Last and First Men (Dover Books on Literature & Drama) Paperback – 8 Jun 2008
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Olaf Stapledon's first novel Last and First Men, published in 1930, has sometimes been called science fiction's Bible--a sweeping, exhilarating history of humanity's future. Its awesome timescale, stretching across five billion years, was an inspiration to the young Arthur C. Clarke, who later wrote: "No book before or since ever had such an impact on my imagination." However, Last and First Men should come with a health warning: The early chapters, dealing with near-future politics from the viewpoint of 1930, are mired in dodgy short-term speculation and have dated badly. Soon Stapledon rings down the curtain on us "First Men" as an uncontrolled nuclear reaction sweeps the world and boils the oceans--and now his imagination takes flight. The Second Men are plagued with invasions of cloud-like Martians; the bat-eared, six-fingered Third Men deliberately create the Fourth Men who are essentially huge, immobile brains ... and so on through ever-vaster gulfs of time. Individuals, nations, civilizations, even species are evocatively shown as mayflies flickering in and out of existence in an immense, chilly cosmos that goes uncaringly on forever. Yet it's not a gloomy work: even as the dying Sun promises to become their funeral pyre, the Last Men affirm that "It is very good to have been man." Another classic choice from Millennium SF Masterworks. --David Langford --This text refers to an out of print or unavailable edition of this title.
One of the great classics of the first half of the 20th century - 2 billion years of mankind's history --This text refers to an out of print or unavailable edition of this title.See all Product description
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In the dark days of the early twentieth century, Stapledon wrestled with these issues and advanced a plausible, thought-provoking and measured interpretation of our evolution over the next two billion years. This is not Star Trek and the universe of the galaxy spanning empire. Rather this is a universe constrained by physics and the sheer magnitude of the distances involved: a universe where triumph and disaster are treated as long term travel companions rather than the impostors of Kipling.
Would I recommend it? Well that depends on the reader and what they are looking for. If you're after an exciting story, perhaps it would be better to look elsewhere.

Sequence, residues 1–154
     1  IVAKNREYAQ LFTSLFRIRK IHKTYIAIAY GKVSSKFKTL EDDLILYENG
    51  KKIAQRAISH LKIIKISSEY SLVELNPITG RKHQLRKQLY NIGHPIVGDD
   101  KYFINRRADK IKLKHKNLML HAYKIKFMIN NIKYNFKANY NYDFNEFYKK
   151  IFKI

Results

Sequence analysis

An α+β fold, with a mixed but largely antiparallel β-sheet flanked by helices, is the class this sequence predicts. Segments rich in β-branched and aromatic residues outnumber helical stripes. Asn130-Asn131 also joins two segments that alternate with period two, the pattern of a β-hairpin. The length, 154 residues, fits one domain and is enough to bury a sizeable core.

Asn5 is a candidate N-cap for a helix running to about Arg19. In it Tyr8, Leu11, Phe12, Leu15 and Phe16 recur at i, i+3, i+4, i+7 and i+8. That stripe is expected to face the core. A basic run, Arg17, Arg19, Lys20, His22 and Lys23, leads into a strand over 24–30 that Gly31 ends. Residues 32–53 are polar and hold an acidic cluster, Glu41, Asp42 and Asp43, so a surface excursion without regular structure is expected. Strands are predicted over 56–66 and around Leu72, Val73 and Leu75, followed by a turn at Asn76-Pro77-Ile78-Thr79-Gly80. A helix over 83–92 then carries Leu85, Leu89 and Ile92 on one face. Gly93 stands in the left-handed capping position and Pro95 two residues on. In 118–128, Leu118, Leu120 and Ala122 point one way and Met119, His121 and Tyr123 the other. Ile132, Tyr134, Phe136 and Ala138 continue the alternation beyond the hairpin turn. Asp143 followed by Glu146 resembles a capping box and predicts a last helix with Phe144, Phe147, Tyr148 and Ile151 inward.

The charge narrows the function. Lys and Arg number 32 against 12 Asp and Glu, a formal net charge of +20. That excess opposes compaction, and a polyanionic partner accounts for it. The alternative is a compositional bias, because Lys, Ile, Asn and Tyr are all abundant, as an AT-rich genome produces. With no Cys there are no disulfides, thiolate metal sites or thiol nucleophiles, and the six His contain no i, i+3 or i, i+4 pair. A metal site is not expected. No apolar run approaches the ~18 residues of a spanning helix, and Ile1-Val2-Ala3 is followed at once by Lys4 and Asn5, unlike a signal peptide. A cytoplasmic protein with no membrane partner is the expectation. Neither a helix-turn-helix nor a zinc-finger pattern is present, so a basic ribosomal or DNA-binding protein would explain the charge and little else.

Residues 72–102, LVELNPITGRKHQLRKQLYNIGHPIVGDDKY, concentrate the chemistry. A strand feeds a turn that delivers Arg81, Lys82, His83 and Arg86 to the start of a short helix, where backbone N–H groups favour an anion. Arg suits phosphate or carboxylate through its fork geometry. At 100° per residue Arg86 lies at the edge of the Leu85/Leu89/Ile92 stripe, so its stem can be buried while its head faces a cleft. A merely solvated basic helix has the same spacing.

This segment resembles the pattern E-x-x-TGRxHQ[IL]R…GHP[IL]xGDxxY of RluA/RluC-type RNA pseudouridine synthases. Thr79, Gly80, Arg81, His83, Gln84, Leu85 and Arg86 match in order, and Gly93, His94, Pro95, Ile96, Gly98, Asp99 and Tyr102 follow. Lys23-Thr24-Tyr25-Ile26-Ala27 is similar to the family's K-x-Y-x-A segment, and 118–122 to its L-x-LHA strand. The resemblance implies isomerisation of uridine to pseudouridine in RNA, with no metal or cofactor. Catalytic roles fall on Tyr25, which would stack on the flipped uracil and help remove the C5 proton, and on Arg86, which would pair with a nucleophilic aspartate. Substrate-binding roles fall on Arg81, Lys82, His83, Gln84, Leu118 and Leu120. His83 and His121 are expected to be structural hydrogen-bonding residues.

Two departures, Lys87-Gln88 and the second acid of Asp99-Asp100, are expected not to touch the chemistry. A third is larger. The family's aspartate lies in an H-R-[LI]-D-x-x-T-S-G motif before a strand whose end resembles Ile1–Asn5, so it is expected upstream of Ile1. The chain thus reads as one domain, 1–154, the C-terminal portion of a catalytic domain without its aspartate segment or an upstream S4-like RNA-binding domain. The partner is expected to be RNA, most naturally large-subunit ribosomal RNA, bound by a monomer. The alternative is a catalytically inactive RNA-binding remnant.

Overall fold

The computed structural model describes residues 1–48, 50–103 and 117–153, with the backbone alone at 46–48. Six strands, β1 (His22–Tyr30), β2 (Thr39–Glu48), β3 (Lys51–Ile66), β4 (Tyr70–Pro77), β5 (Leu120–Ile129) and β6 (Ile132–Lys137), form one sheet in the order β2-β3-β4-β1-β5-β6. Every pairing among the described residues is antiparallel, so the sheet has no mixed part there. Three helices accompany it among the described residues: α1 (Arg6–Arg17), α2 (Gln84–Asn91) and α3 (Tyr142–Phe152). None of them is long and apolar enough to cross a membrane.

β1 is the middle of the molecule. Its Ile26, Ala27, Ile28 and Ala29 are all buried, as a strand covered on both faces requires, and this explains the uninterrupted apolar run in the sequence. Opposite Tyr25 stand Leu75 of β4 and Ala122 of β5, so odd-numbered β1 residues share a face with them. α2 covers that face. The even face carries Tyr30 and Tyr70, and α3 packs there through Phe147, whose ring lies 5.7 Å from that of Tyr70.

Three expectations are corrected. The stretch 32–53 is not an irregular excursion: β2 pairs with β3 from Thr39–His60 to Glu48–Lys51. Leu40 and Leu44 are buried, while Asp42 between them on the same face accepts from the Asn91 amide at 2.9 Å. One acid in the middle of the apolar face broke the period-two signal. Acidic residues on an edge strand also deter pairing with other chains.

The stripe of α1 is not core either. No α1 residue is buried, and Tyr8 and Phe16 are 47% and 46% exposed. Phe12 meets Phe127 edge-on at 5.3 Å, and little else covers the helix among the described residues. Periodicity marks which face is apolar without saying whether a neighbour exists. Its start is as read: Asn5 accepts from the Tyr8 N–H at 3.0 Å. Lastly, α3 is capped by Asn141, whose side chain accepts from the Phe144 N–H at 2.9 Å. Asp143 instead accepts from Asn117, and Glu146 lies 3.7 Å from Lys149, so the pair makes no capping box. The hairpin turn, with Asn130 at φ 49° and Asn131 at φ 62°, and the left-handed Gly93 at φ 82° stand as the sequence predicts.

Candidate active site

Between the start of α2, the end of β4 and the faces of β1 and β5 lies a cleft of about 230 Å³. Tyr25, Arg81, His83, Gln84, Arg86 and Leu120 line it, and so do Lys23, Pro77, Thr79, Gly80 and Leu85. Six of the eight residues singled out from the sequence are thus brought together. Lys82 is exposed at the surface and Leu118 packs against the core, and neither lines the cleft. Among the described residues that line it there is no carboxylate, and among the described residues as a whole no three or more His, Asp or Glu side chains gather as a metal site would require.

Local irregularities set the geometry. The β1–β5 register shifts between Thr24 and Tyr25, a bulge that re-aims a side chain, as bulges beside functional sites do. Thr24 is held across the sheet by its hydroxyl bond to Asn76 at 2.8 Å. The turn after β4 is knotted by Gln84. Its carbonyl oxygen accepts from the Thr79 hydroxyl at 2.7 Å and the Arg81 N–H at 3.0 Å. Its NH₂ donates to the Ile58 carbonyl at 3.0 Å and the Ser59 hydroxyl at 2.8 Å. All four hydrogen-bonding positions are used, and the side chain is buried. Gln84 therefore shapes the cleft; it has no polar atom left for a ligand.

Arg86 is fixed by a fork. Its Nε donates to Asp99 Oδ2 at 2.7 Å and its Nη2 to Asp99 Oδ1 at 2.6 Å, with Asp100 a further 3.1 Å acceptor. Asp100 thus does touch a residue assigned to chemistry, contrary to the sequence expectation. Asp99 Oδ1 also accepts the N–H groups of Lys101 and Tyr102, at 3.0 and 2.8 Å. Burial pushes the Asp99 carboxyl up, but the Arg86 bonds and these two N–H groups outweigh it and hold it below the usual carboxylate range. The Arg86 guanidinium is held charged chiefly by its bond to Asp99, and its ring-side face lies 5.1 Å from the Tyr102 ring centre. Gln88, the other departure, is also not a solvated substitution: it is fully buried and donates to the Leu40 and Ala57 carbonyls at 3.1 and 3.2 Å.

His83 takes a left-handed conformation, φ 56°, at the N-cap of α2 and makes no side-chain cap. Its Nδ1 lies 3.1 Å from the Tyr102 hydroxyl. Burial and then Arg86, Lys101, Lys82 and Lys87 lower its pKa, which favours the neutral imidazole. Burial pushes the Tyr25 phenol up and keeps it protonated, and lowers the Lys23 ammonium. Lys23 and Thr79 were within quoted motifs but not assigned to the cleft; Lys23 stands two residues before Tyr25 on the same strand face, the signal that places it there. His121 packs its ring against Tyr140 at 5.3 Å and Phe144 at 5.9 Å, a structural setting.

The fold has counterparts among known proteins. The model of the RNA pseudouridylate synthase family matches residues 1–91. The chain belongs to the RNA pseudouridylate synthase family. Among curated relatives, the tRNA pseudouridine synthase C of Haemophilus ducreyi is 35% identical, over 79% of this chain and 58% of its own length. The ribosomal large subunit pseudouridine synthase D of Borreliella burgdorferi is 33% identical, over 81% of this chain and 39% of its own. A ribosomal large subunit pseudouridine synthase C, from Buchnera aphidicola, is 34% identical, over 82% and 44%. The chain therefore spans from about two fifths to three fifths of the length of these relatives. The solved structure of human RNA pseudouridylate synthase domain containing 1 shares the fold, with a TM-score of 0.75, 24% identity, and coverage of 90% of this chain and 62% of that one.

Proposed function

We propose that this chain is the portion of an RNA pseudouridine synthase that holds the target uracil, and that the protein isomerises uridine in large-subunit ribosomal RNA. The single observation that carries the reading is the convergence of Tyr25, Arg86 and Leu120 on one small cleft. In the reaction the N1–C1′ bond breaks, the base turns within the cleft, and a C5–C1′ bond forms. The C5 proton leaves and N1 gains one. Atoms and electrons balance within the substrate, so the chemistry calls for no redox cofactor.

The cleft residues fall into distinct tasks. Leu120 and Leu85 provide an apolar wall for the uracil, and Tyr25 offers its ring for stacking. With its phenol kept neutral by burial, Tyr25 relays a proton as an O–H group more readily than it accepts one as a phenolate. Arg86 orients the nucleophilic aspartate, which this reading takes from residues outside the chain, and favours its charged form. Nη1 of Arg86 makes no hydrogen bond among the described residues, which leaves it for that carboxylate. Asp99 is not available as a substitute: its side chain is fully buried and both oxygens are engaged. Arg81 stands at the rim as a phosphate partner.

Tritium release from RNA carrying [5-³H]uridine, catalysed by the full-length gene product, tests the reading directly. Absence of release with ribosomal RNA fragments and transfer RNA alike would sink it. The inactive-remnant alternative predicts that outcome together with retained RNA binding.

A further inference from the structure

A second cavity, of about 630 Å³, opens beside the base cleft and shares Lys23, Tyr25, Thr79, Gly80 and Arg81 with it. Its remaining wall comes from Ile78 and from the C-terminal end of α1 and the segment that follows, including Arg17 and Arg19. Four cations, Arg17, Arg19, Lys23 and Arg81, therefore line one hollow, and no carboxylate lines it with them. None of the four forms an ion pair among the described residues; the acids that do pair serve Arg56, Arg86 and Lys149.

But if you're interested in the slow march of time Stapledon advances something very different and, for me, truly extraordinary here ... a view of the future that is both spectacular in its breadth and heart wrenching in its final conclusion. You won't be excited and gripped by the pace and challenge. But something else is at work here. Something subtle, perspective shifting and ultimately moving. It's a gentle opera with deep themes and the ability to place our own worldview into a very different context....
And I first read it as a child twenty years ago ... and it still echoes today. How many books can do that?
-- 'here he has not gone so far as to trouble the eternal gods or the stars that blight our human lot.' That comes in Star Maker. Here the 18th and last men are trapped in our solar system when final doom reaches out from the stars. Next -- Star Maker, which makes this book seem parochial.
The narrative of "Last and First Men" is driven by ideas, and not by characters, and in many ways this is true of all of his fictional work, though certainly novels like "Odd John" and "Sirius" have characters and take on the appearance of a standard novel. The novel has tremendous scope, the narrative being given from billions of years in the future by a member of the last race of men, i.e. the Last Men who are aware that they will destroyed and thus be the last of men. They story covers the cyclical nature of the history of the First Men, i.e. us, and the cyclical nature of many of the races of Men who follow. It also discusses the psychology and the philosophy of the races as well as some of the physical and physiological changes.
The journey into the far future moves faster and faster as it continues. A fair amount of time is spent on the First Men and our future both near and far. This speeds up as Stapledon takes us through the Second through Fifth Men and faster still until he reaches the Last Men. He covers many concepts such as genetic engineering, terraforming, alien invasion, biological warfare, and so on.
The cyclical nature of many of the things he discusses tends to make parts of the novel a bit repetitive, and so I believe that it detracts a bit from the overall effect of the novel. That being said, it is still an extraordinary novel and unlike anything else you will likely ever read, with the possible exception of Stapledon's "Star Maker" which has a similar scope as well as an unusual narrative, but also has a different feel. Stapledon did not finish with the idea of the Last Men with the publication of this novel, as he returned to the idea in his radio play "Far Future Calling" in 1931 where he amazingly puts the novel in dramatic form, but which sadly was never performed. He also returned to the idea for his second novel "Last Men in London" in 1932, which focuses on a look back at the 20th Century from the perspective of one of the Last Men.
This book was rated 3rd on the Arkham Survey in 1949 as one of the `Basic SF Titles'. It also was tied for 30th on the 1975 Locus All-Time poll for Novels; 43rd on the 1987 Locus All-Time pool of SF Novels, and tied for 43rd on the 1998 Locus All-Time Poll for Novels written prior to 1990. This SF Masterworks edition includes a Foreword by Gregory Benford and an Afterword by Doris Lessing. This is the 11th of the SF Masterworks paperback series released by Victor Gollancz Books.
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